It seems Utah really is a diverse place through an LDS lens, but could all that be changing? An ominous news story covered in the dailies recently showed Mormons making up a historic low in Utah's population--only 60 percent.

Which comparatively speaking is still quite the stranglehold for any one religious demographic for an entire state. Yet what is interesting is that Utah is sssllooowly making a move towards greater diversity, but the only question is whether or not the shape of diversity in utah to come will be outside the church's influence or just another manifestation of it?

Many things seem to point to an all together cosmopolitan outlook. On the economic front we've never had a Governor more active in introducing Utah business directly to foreign powerhouses like India and China. Politically the University of Utah is garnering people active in Intl. politics, and not just academically speaking.

Like the U's recent law school hire Chibli Mallat who is currently running for president of Lebanon, while also teaching about Middle Eastern law, quite impressive and worth checking out here
Beyond that our wise city planners and masterminds of the Downtown Rising project are hoping to create a "Utah World Trade Center" which would actually consolidate all of the scattered international business and nonprofit interests in the state, as well as a university partnered conflict resolution and peace studies center, all into a sleek downtown building that kind of looks like Al Pacino's casino in Ocean's 13.

So the future looks bright and diverse, but when all is said and done it will be hard to say whether or not it will be truly cosmopolitan or just an evolved Mormon mecca as it is today. Not until we get there at least. (Eric S. Peterson)

Tuesday, November 20, 2007

Where is My Favorite Restaurant?

[MIA] My favorite restaurant has vanished and I'm upset.

Lemon Grass Thai Cuisine, on 200 South just above 400 West, had my favorite dish—a sea bass in a "special" spicy red sauce. M-m-m-m, sea bass. It was perfectly located in a cavernous building with old comfortable booths. The restaurant was there a couple of weeks ago. And now, not.

I am hoping the restaurant has moved, rather than closed for good. If anyone knows what has become of Lemon Grass, please let me know. (Ted McDonough)

This Week's Boring Political Announcement

[Politics] Utah lawyers attending last weekend's continuing legal education seminar at the Salt Palace were treated to a lunch talk from Gov. Jon Huntsman Jr. (From the governor’s point of view the visit was a perfect gig. Thousands of lawyers—annually among the biggest givers to political campaigns—trapped in a room while they earn “hours” of “education” required to keep their licenses.)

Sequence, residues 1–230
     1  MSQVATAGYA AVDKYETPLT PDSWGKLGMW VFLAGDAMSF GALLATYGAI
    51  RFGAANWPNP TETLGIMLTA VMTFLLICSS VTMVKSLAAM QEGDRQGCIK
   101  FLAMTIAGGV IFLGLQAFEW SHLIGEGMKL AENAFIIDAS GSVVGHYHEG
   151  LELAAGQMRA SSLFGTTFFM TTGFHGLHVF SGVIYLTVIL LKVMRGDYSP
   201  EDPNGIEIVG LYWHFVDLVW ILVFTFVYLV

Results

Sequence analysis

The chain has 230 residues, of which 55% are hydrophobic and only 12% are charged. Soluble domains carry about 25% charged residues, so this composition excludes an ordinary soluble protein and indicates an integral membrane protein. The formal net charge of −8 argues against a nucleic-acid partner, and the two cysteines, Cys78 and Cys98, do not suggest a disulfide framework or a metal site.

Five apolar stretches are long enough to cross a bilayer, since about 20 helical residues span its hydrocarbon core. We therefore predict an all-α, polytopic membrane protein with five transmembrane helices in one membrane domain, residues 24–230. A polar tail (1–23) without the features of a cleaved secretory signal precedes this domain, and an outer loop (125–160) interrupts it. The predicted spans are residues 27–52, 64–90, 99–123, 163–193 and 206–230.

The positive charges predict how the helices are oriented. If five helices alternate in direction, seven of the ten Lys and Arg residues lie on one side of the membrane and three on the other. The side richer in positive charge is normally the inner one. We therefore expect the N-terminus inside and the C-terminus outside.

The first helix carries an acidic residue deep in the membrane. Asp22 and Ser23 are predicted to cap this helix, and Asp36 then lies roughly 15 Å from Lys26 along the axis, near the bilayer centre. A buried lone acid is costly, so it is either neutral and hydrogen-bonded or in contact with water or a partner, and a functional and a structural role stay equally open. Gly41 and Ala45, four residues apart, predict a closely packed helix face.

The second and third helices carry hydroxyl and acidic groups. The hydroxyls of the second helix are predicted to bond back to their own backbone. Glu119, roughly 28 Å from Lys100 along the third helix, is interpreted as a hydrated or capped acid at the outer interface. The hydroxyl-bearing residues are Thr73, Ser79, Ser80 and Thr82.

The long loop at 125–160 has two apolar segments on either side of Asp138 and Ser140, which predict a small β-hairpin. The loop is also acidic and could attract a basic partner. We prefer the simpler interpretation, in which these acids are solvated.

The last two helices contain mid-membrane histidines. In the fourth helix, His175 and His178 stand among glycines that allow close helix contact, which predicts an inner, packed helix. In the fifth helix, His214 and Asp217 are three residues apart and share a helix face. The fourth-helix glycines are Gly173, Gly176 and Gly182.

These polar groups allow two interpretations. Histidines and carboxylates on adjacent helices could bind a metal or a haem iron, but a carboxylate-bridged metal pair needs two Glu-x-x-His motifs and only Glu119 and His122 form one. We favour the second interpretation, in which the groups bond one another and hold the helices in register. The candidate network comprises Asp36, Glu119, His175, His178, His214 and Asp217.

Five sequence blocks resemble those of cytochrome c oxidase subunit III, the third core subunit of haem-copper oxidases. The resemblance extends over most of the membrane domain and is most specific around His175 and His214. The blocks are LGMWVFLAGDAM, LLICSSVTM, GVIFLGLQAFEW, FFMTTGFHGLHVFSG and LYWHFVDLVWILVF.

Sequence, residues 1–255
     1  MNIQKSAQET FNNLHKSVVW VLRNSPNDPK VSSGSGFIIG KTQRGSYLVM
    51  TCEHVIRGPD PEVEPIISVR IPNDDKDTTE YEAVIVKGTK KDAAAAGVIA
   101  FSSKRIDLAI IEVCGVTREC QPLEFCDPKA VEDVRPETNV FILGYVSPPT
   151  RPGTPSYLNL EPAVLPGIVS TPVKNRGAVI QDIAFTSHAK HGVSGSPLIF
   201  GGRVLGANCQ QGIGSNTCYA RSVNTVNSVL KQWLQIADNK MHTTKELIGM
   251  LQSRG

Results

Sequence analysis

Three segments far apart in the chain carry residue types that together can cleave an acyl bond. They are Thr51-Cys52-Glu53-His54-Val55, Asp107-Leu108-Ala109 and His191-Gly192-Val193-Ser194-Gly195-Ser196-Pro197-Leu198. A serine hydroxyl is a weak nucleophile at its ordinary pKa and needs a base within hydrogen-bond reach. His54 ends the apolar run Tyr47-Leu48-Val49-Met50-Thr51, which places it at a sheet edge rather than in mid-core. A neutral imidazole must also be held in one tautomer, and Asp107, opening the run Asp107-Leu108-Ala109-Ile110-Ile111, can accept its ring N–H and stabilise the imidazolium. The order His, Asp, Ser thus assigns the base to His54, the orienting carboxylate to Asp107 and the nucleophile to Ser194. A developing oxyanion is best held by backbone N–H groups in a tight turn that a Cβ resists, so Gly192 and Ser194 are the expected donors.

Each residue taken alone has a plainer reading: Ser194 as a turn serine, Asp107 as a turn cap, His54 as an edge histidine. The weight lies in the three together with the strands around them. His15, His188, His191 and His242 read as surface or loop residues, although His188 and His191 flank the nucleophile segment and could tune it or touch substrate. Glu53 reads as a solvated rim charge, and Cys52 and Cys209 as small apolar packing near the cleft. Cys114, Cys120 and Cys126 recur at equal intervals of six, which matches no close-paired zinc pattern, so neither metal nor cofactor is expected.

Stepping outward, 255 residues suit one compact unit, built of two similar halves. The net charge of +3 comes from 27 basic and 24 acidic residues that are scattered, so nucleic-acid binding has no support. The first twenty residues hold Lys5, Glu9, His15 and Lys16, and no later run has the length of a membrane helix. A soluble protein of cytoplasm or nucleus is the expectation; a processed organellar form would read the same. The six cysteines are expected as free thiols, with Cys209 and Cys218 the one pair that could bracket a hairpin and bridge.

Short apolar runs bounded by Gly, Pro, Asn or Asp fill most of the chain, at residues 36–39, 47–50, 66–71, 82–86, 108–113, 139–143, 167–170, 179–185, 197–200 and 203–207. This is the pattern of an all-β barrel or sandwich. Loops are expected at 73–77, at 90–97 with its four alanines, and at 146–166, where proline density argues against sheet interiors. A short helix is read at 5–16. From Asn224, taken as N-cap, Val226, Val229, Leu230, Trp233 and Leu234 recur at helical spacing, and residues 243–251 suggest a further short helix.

Huntsman outlined his priorities—hiking schoolteacher pay, improving air quality and expanding availability of health insurance. Then, the governor acknowledged that he would need more than his current term to make real headway on that list.

Junior plans to run for a second term. No real surprise there. And we will have to see if the decision sticks when he is offered the veep spot on a McCain ticket. (Ted McDonough)

What's Up, Docs?

[Film] Every year, people ask me to predict the Academy Awards. And every year I resist, because I want nothing to do with furthering the legitimacy of this gold-statuette-dispensing gaggle of clown-shoes.

The latest example of the Motion Picture Academy's mind-boggling lack of artistic vision comes with this week's announcement of the
15 "short-listed" finalists for the Documentary Feature category. Since you may know little about the specific titles listed, let me offer some helpful Harper's Index-style statistics:

* Percent of finalists that are in some way about America's Middle East adventure: 26.6%
* Percentage of finalists that are in some way about war: 53.3%
* Percentage of finalists that are about a clearly and obviously "important issue" like slave labor, Chinese democracy, health care, abortion, etc.: 100%

So forget a shot for the year's most interesting and stylistically innovative documentaries: Manda Bala (Send a Bullet), Manufactured Landscapes, The King of Kong, My Kid Could Paint That, Protagonist. Always desperately concerned about putting on its serious face, the Academy ignores anything that doesn't come with Cliff's Notes thesis statements. Remember: These are the awards given by an industry to itself. Trust them accordingly. (Scott Renshaw)

AmeriMexiCanada

[U.S. in Peril] According to some guy who wrote a book, the North American Union (the United States, Mexico and Canada merged into a single nation Euro-style) is but a few years away. Apart from the obvious upside of gaining access to Canada's natural resources of water, oil and beer, what's the big deal? It's the slippery slope to ... a New World Order!

"Everything is in place," says author Daniel Estulin, a former Canuck. "Europe is now one country, one currency and one constitution. North America is about to become one. The African Union has had its working model going for over a decade. Asia is openly discussing the near-future Asian Union, being sold to us as an economic inevitability beneficial to all its citizens."

If this still sounds good (or at least convenient) to you flaming liberals, know this: Your local neighborhood skate/snowboard shop is agin it! Seems like an odd fit, but Salty Peaks Skate & Snowboard Shop is actively advertising StopTheNorthAmericanUnion.com, a website created by another hyper-motivated author to, well, stop the North American Union.